Unbiased financial information provided by Financial Wisdom.
Your Individual Retirement Account can be part of the foundation of a financially secure retirement. Many experts suggest that your living expenses after retirement to average 60% to 75% of your pre-retirement expenses. Social Security will provide some benefits, but your retirement income will primarily depend on your other assets including your company retirement plan and your IRA.
Almost every individual with earned income can contribute to either a regular IRA or Roth IRA. Here is a simple chart to help you decide which one is right for you.
|Feature||Regular IRA||Roth IRA|
|Age restrictions||Under 70 1/2||No age restrictions|
|Income eligibility restrictions||Must have earned income equal to or greater than contribution. No restriction on maximum income.||Must have earned income equal to or greater than contribution. For 2016, full contributions can be made if Modified Adjusted Gross Income is less than $184,000 for joint filers or $117,000 for individual filers. No contributions are allowed if MAGI is above $194,000 or $132,000 respectively. For 2017, full contributions can be made if Modified Adjusted Gross Income is less than $186,000 for joint filers or $118,000 for individual filers. No contributions are allowed if MAGI is above $196,000 or $133,000 respectively.|
|Taxation of earnings in IRA||Tax deferred||Tax deferred|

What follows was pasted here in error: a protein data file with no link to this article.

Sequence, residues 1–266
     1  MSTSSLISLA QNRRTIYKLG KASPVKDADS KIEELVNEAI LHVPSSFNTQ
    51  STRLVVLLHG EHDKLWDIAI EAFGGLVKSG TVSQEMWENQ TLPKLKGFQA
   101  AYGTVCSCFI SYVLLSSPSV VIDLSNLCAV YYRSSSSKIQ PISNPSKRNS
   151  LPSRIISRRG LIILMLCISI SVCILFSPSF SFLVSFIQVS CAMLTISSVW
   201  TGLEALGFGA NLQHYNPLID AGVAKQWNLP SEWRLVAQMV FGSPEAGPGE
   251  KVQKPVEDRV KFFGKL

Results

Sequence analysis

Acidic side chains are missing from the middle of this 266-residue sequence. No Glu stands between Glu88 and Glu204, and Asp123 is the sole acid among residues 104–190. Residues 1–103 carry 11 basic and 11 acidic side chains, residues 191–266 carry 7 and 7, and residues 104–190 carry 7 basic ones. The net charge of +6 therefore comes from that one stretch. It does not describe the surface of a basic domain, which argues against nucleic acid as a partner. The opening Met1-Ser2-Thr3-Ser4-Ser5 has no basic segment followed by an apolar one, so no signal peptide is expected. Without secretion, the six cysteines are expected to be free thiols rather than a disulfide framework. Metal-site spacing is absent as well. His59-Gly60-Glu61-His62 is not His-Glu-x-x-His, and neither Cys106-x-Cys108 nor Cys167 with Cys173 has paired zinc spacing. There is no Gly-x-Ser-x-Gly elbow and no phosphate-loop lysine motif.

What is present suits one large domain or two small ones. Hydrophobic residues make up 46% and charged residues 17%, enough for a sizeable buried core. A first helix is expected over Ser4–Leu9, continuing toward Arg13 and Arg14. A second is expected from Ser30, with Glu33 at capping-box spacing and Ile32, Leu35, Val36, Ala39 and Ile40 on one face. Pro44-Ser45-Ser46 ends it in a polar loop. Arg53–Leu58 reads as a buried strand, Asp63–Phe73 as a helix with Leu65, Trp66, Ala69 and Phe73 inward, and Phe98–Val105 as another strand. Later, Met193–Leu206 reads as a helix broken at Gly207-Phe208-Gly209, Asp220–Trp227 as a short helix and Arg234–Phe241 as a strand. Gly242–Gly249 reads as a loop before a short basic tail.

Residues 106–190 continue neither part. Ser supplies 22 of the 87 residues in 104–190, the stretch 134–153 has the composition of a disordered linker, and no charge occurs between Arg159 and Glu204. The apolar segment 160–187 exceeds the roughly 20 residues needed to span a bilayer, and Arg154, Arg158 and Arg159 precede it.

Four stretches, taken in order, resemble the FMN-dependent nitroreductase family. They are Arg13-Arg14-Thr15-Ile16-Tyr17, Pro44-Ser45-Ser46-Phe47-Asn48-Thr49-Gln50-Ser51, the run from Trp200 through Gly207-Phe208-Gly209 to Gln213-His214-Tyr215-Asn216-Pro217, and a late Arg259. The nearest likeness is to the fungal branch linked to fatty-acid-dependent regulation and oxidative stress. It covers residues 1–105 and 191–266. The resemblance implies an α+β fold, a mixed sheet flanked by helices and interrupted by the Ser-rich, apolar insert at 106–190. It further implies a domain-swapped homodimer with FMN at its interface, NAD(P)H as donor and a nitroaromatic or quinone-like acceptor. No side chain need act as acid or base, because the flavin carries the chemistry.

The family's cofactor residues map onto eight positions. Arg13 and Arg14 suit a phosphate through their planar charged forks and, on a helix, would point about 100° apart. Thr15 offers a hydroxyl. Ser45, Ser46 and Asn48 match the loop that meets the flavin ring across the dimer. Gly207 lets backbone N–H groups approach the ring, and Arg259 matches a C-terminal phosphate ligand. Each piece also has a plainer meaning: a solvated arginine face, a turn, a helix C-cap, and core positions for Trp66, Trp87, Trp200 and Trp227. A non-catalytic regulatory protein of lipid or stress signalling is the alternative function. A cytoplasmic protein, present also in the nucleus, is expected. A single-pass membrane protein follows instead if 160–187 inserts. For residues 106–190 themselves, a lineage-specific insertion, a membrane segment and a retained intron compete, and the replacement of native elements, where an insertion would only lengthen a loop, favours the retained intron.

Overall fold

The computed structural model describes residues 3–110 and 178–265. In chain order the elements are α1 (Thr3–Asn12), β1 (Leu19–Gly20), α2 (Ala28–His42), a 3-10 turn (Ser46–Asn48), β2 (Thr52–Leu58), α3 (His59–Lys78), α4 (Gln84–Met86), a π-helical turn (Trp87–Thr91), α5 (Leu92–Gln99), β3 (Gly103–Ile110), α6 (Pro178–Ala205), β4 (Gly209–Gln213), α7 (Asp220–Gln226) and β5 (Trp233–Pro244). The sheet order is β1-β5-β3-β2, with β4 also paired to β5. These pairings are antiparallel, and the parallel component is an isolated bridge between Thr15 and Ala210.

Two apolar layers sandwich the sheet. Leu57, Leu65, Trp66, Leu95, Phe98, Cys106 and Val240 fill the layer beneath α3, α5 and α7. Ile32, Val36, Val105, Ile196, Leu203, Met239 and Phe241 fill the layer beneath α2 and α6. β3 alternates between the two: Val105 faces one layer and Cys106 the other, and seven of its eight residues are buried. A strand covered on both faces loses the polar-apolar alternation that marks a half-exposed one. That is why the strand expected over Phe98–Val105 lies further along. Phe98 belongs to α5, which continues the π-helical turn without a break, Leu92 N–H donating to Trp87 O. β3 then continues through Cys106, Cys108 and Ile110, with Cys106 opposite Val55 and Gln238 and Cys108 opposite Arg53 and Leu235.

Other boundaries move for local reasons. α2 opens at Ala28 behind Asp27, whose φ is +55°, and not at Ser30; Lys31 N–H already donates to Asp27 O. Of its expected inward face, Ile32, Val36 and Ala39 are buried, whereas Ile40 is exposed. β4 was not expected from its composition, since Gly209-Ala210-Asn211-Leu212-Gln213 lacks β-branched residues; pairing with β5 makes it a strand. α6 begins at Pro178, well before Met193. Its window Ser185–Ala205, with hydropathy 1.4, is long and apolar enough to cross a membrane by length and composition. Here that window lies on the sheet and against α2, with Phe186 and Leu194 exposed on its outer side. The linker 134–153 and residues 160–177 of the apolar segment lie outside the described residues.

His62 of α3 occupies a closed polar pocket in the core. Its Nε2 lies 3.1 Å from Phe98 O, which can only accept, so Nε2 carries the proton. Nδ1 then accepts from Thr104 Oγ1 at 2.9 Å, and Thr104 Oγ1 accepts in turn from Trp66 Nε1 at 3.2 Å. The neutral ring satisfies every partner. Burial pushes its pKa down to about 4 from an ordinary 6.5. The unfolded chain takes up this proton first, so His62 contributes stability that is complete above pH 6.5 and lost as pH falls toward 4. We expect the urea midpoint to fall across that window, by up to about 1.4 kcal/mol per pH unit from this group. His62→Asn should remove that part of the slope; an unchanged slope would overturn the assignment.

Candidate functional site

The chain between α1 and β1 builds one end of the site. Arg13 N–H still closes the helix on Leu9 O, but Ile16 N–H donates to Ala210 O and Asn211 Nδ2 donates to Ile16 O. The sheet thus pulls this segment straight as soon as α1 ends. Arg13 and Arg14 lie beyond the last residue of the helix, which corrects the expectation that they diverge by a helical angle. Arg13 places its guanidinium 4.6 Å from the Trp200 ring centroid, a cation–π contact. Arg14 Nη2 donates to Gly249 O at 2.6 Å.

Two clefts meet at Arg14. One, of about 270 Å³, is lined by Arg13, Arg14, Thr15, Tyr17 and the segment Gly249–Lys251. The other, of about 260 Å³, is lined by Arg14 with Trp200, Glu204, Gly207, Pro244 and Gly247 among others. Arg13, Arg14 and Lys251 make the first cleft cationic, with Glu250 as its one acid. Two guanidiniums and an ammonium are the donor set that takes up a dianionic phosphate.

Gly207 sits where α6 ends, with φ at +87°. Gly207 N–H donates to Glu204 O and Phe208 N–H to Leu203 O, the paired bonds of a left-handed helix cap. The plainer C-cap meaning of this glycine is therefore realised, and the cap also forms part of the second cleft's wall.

|Distribution requirements||Must start at age 70 1/2||No distribution requirements|
|Taxation of distribution||Taxed as ordinary income||Not taxed|
|Contribution limits||$5,500 for 2016 and 2017. Indexed for inflation thereafter||$5,500 for 2016 and 2017. Indexed for inflation thereafter|
|Catch-up contribution for those age 50 and above||$1,000 for 2016 and 2017. Indexed for inflation thereafter||$1,000 for 2016 and 2017. Indexed for inflation thereafter|
|Deductibility of contributions||Deductible if not covered by employer plan or if Modified Adjusted Gross Income is below certain levels. Consult your tax advisor.||Not deductible|
|Penalty for withdrawal before age 59 1/2||Generally, 10% penalty||Generally, 10% penalty|
The savings, tax deferral and earnings opportunities of an IRA make good financial sense. You have until April 15th of the following year to fund your IRA. 2016 contributions can be made until April 15, 2017 and the earliest you can make a 2017 contribution is January 1, 2017. The sooner you make your contributions, the more your money will grow.